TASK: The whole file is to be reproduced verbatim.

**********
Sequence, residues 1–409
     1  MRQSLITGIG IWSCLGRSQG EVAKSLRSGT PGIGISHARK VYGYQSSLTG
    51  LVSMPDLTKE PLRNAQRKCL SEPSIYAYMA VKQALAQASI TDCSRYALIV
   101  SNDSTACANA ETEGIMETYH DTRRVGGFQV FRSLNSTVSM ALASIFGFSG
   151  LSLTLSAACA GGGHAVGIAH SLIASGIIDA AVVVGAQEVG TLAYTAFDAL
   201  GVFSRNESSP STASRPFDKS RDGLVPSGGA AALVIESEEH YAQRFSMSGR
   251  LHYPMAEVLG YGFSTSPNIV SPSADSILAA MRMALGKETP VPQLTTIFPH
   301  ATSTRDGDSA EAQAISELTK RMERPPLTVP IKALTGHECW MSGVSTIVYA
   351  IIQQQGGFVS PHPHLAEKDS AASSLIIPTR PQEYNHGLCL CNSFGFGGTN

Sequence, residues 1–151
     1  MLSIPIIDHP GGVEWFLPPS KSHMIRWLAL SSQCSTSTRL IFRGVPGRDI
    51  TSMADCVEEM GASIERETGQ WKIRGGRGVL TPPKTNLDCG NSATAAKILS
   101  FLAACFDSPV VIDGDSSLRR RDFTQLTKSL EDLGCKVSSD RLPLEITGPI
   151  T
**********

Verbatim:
Sequence, residues 1–409
     1  MRQSLITGIG IWSCLGRSQG EVAKSLRSGT PGIGISHARK VYGYQSSLTG
    51  LVSMPDLTKE PLRNAQRKCL SEPSIYAYMA VKQALAQASI TDCSRYALIV
   101  SNDSTACANA ETEGIMETYH DTRRVGGFQV FRSLNSTVSM ALASIFGFSG
   151  LSLTLSAACA GGGHAVGIAH SLIASGIIDA AVVVGAQEVG TLAYTAFDAL
   201  GVFSRNESSP STASRPFDKS RDGLVPSGGA AALVIESEEH YAQRFSMSGR
   251  LHYPMAEVLG YGFSTSPNIV SPSADSILAA MRMALGKETP VPQLTTIFPH
   301  ATSTRDGDSA EAQAISELTK RMERPPLTVP IKALTGHECW MSGVSTIVYA
   351  IIQQQGGFVS PHPHLAEKDS AASSLIIPTR PQEYNHGLCL CNSFGFGGTN

Sequence, residues 1–151
     1  MLSIPIIDHP GGVEWFLPPS KSHMIRWLAL SSQCSTSTRL IFRGVPGRDI
    51  TSMADCVEEM GASIERETGQ WKIRGGRGVL TPPKTNLDCG NSATAAKILS
   101  FLAACFDSPV VIDGDSSLRR RDFTQLTKSL EDLGCKVSSD RLPLEITGPI
   151  T